Stocks staged a broad rally on Thursday, bouncing back after three straight days of declines. The major indexes closed sharply higher, led by gains in tech and consumer discretionary shares.
The S&P 500 jumped 1.8% to 3,963, just 0.4% shy of its record closing high. The Nasdaq powered 2.6% higher, while the Dow Jones Industrial Average rose over 300 points.
Micron Earnings Provide Spark
A standout earnings report from Micron Technology helped spur the rebound. The memory chip maker delivered adjusted fiscal first-quarter earnings per share of $1.45 on revenue of $4.09 billion, beating expectations.
The company also provided an upbeat forecast, projecting its fiscal second-quarter revenue to come in above Wall Street’s view. Micron’s shares soared nearly 10%, providing a boost to the broader tech sector.
“Micron’s very positive earnings is a good harbinger for tech,” said Ryan Detrick, chief market strategist at Carson Group. “We do think a lot of the negativity is priced in and markets are poised for a rebound.”
Other chip stocks like Nvidia and Advanced Micro Devices also posted strong gains on the back of Micron’s report. The Philadelphia Semiconductor Index jumped 4.5%.
Bargain Hunters Drive Broad-Based Rally
All 11 major S&P 500 sectors closed firmly higher, underscoring strong demand for stocks across the board following this week’s pullback. Cyclical groups that were hit hard in the recent selling saw some of the strongest gains.
“There is bargain hunting today,” said Quincy Krosby, chief global strategist at LPL Financial. “The market has pulled back, and buyers were waiting to step in.”
Energy and financials were among the best performing sectors, climbing 3.4% and 2.6% respectively. Cruise operators and airlines also rebounded sharply after steep declines, driving a 3.8% pop in the consumer discretionary sector.
Meanwhile, countercyclical groups like utilities and consumer staples lagged but still closed higher on the day.
Volatility Expected To Continue
Choppy trading is likely to persist in the remaining sessions of the year as investors continue to debate the economic outlook. Recent data reports have painted a mixed picture, fueling uncertainty over the Fed’s policy path in 2023.
“It’s been a seesaw kind of market, but we may have put in at least a near-term bottom after the last few days of declines,” Detrick said. “Volatility usually picks up this time of year with lower liquidity. We wouldn’t be surprised to see continued back and forth in the next week.”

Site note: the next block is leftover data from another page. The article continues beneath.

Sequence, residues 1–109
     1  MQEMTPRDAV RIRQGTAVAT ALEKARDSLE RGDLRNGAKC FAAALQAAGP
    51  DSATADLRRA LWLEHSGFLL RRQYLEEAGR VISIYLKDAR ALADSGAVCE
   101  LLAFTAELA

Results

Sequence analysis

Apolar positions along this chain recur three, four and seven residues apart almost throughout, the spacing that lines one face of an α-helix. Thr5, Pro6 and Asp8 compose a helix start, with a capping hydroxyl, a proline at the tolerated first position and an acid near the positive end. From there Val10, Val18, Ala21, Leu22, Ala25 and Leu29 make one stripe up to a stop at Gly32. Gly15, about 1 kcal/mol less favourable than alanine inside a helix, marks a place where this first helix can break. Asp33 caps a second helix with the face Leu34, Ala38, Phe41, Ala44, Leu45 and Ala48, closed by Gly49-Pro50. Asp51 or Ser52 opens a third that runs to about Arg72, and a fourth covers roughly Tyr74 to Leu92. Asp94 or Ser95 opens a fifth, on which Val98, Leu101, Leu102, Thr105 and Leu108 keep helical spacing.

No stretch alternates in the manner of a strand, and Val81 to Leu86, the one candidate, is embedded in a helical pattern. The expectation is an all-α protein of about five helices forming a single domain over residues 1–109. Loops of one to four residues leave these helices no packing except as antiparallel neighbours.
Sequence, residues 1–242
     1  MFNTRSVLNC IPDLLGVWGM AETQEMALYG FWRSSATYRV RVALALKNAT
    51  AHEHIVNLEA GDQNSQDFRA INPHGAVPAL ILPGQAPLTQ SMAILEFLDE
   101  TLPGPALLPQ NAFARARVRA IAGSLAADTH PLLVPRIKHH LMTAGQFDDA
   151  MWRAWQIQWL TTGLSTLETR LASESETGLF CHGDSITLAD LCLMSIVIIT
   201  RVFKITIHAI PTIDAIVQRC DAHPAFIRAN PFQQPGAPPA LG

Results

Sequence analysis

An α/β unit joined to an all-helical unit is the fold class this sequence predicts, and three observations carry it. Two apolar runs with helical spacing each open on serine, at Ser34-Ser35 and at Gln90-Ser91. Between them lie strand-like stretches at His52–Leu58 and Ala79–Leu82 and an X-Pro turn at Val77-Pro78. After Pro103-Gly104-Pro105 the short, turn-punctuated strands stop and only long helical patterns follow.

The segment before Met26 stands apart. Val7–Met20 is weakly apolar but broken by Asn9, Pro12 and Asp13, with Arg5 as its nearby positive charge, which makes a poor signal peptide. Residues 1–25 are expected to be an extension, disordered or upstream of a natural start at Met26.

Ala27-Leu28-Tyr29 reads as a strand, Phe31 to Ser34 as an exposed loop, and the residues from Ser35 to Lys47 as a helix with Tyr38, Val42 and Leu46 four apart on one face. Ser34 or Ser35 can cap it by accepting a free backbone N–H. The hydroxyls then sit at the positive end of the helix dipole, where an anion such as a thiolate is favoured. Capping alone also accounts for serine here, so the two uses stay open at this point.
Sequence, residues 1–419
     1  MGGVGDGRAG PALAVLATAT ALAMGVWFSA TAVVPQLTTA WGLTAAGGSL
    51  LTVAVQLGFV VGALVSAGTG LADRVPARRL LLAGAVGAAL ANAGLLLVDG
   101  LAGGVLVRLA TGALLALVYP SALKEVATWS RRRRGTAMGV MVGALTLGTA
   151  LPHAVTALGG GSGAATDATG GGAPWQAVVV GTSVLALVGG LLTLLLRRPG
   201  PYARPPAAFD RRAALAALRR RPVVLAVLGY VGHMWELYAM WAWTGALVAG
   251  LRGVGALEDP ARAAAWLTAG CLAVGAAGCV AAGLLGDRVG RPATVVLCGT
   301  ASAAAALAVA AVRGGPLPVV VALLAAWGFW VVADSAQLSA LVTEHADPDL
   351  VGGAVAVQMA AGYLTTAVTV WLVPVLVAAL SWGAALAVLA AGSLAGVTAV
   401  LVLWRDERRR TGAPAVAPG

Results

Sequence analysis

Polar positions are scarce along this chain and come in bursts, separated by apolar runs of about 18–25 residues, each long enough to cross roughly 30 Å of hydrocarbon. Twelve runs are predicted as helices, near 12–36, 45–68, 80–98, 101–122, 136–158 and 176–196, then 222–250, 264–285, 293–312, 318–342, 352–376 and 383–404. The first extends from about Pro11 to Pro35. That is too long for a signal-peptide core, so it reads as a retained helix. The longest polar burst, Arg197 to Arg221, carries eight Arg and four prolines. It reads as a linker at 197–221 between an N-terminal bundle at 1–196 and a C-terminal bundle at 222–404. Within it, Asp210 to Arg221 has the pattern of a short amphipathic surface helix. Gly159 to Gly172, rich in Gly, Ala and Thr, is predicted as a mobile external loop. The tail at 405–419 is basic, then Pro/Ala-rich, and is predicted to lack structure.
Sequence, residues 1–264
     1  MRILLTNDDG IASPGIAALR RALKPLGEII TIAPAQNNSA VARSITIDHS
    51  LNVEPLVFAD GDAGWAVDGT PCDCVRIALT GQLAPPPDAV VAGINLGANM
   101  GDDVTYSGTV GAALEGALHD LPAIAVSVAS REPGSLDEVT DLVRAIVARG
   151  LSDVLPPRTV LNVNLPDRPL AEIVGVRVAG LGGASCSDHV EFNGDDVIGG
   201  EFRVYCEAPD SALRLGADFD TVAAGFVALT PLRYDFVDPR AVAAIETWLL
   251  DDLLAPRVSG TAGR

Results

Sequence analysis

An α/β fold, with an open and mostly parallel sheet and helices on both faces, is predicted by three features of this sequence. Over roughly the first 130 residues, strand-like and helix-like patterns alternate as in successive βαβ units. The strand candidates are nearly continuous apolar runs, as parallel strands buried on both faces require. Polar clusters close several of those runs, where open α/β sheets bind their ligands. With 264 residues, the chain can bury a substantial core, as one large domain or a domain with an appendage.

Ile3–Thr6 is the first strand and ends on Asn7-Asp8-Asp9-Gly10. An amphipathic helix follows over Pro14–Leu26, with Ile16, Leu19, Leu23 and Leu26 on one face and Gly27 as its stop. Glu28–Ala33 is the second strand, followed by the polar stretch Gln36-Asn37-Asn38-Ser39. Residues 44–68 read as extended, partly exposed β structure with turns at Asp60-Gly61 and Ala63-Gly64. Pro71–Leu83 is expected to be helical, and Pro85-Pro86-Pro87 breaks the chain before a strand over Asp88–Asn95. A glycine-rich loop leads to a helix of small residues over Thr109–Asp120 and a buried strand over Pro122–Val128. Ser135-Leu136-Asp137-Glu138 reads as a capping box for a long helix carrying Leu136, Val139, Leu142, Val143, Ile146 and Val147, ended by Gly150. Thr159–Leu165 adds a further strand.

The CBOE Volatility Index, or VIX, ticked 3.6% lower but remains elevated above 20, signaling fears of further turbulence ahead.
Still, Detrick believes the longer-term backdrop for equities remains constructive despite mounting recession worries.
“Earnings forecasts have come down a lot already, and we think stocks have largely discounted a mild economic pullback,” he said. “Bargain hunting like we’re seeing today shows there’s still plenty of cash on the sidelines ready to buy the dip.”
GDP Growth Slows Less Than Expected
Investors also embraced a revised reading on third-quarter GDP showing the U.S. economy expanded at a 3.2% annualized pace during the quarter. The upgrade from the previous 2.9% growth estimate helped temper recent slowdown fears.
“The GDP revision confirms the resilience of the U.S. economy and supports the soft landing narrative,” said carrying Francesco Pesole, FX strategist at ING.
Still, analysts caution slowing global growth and high interest rates pose ongoing headwinds in 2023. Morgan Stanley economists see a “credible path” to a U.S. recession this year as the full impact of the Fed’s aggressive tightening hits the economy with a lag.
Outlook Hinges On Inflation And Fed Policy
The key variable remains the trajectory of inflation and the Fed’s response. While price pressures have shown signs of easing, core inflation remains well above the central bank’s 2% target.
“Inflation is heading in the right direction but still too high for the Fed to declare victory,” said Seema Shah, chief global strategist at Principal Asset Management. “Until clear evidence arrives that inflation is on a sustained downward path, markets should brace for ongoing volatility.”
Fed officials have signaled they expect to keep rates elevated for some time to ensure inflation is defeated. Markets are currently pricing in rate cuts late this year, counting on an economic slowdown to tame price pressures.
“The Fed wants clear confirmation that inflation is moving back toward target before they take the foot off the brakes, while markets seem confident that inflation data will quickly improve to allow cuts before year-end,” said Pesole.
Final Trading Days Of 2023 Loom
U.S. markets will be closed on Monday for the New Year’s Day holiday. That leaves just three trading sessions left to wrap up what has been a turbulent year for investors.
Major benchmarks remain sharply lower for 2022 despite this week’s rebound. Lingering uncertainties, from geopolitical tensions to central bank policy, continue to weigh on sentiment.
Still, stocks have managed to pare a portion of their losses since hitting a bottom in mid-October. The S&P 500 has rebounded over 17% from its year-to-date low as investors hunt for bargains while bracing for further gyrations.
“It remains difficult to see a catalyst that could drive stocks materially above current levels,” said Mark Haefele, chief investment officer at UBS Global Wealth Management. “In this environment, we advise investors to remain selective and ensure adequate portfolio diversification.”
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